Partnering with Parents: How to Write Better Emails
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So there I was, sitting in an interview, with all the normal thoughts going through my head. “Am I answering this the way they want?” “Do I seem confident? But not too confident?” “Do my armpits smell bad?” All the while fielding the usual questions being lobbed my way…
- What are your strengths?
- How do you develop volunteers?
- What is your eschatological view of Revelation?
Ok, not really that last one…but then came the question that wrecked me: “What is one thing you’re terrible at doing?” Cue the enneagram 1 panic. I don’t fail at anything! How in the world do you expect me to answer this question?! Quick, gotta scramble for an answer. I can’t seem too pompous, though. And then it hit me, like a laser beam.
Partnering with Parents
And yeah, that’s honest. I am terrible at it. I’m not just making something up here. I mean, we’ve all read a book, gone to a conference, or heard some philosophy on the importance of partnering with parents. We know it’s valuable. We even believe in it. But 99% of what we do with our time is focused on teenagers, leaders, programming, or purchasing way too many pool noodles from Sam’s Club.
I’ve been at multiple churches, and partnering with parents is almost always the last strategy I ever get around to making. And let me be clear: I don’t have the answer to parent ministry, but I do want to share one hack that’s been helpful in my ministry over the last few months. Are you ready for it? It’s revolutionary…
Send better parent emails.
I, like most of you, send a regular parent email. Maybe yours is a monthly newsletter. Maybe you’re on the weekly cycle. Maybe you’re an overachiever, and you’ve unlocked a special superpower to be able to send a daily email. But once I made this one minor tweak to emails, I started seeing open rates go up. And in addition, perhaps more importantly, I started hearing back from my students’ parents. Yeah, they would reply to my emails!
Here’s how I typically approached parent emails:
PROBLEM: They want to know what’s going on.
SOLUTION: I will tell them what’s going on.
Look at me! Earning my keep at this church! But let’s be honest here, people…
First of all, BORING!
Second, if their student is uninvolved, it’s often not due to a lack of information. Any parent or student who truly wants to be involved will figure it out, even if your website is horrible. There is inevitably a “contact us” option to use. Or they can find you on Facebook and private message the church. Often the hurdles for a student not attending are higher and more unseen than any of us are willing to admit. So here’s the shift I made. I chose to start sending helpful emails.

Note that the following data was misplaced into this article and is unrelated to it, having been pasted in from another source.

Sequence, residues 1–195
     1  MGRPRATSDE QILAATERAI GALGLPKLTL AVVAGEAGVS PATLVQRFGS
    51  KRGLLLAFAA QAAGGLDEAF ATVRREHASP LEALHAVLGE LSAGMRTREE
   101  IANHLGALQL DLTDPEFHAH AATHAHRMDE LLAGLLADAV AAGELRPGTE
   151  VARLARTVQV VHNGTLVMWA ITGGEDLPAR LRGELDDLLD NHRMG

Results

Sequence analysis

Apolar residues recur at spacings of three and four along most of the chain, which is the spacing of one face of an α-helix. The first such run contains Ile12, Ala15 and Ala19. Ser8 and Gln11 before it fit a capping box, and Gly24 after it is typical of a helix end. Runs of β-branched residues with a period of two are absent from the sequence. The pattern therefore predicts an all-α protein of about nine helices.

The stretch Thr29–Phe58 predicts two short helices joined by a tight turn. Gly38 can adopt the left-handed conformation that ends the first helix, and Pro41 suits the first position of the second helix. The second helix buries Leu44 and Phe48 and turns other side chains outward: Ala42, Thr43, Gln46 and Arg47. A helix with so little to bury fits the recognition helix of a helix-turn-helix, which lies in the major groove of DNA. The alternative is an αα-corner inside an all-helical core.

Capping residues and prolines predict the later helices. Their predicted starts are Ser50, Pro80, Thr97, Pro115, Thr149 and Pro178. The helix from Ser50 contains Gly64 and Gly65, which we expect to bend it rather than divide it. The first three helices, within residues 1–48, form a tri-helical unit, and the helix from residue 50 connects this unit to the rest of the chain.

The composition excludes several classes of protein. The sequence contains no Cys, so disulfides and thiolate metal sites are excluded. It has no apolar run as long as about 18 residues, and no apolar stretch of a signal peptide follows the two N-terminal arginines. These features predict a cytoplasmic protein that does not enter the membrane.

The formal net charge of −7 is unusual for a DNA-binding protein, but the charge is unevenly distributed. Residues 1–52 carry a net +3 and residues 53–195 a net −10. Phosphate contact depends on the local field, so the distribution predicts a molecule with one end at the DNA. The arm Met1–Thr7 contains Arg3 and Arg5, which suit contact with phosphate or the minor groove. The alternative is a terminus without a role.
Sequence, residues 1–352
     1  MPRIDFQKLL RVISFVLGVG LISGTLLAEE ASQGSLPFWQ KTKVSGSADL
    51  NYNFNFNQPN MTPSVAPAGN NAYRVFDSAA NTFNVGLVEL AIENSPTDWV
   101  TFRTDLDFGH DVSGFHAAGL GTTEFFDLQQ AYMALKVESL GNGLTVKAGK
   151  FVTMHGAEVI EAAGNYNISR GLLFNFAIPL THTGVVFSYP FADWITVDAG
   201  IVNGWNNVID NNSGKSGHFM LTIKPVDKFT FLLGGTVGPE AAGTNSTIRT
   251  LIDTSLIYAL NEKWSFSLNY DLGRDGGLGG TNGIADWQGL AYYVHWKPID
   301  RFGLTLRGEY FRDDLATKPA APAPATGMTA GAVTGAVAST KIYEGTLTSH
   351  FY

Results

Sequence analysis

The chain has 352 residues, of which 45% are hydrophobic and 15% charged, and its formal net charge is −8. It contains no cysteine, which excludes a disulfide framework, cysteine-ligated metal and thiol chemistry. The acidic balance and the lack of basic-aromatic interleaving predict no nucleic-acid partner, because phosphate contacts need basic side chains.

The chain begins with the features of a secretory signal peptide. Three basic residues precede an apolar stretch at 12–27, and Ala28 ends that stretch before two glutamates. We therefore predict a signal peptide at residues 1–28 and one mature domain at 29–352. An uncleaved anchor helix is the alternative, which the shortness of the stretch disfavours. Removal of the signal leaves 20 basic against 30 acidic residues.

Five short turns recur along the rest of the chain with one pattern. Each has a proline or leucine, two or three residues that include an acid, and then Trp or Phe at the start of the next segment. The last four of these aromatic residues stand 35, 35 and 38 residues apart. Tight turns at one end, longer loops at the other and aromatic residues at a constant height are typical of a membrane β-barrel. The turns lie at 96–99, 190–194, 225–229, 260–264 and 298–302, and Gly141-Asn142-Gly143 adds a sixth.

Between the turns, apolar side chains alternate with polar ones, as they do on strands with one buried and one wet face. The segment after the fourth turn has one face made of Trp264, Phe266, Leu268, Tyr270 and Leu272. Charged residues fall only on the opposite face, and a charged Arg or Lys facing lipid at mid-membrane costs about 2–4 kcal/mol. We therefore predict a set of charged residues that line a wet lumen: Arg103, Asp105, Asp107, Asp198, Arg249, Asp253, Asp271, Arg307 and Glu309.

Crazy right?! It’s not rocket science, but the minute I decided to share the info I thought parents might find helpful, the communication between my parents and me opened up. What’s helpful, you may ask?
- Information on Anxiety
- Information on Gen Z
- Information on Cell Phones
- Information on Relationships with Teenagers
- Information on Gender Identity
All of the things we, as youth pastors, are studying, researching, and discovering about teenagers. Guess what? Parents feel just as confused by all of this! And it’s just as valuable for them to know these things as well. Now, pretend you open your inbox and see an email from someone you trust with these 2 subject lines.
August Parent Newsletter
5 Gender Identity Questions Your Teen is Asking
Which of the 2 are you personally more likely to open? Which of the 2 meets a need for you at the moment? Which of these 2 ends up in the junk bin without even opening it?
The answers are obvious. So what does this mean for you?
Begin thinking about how you can reach out to families you’re ministering to with valuable and helpful content. Try to line up your emails with what you’re teaching so that the helpful content you give to the parents is reinforced by what you’re offering at church. The “right-hook” to your email is at the end of it when you can say something like this: “And guess what? We’re talking about God’s design for sexuality this month in our teaching series, so it’s a perfect time to come to youth group!”
Partnering with parents can feel like an ambiguous and challenging task. And there are 12 million great ideas out there. But for the average, overworked youth worker, there is one small shift you can make! And making one small communication shift can help open the door just a little bit more as you reach your families!
Share your thoughts with others in our YM360 community:
- How often do you send out a parent email? What kind of information do you include in it?
- Where does partnering with parents fall on your ministry to-do list? How important should it be?
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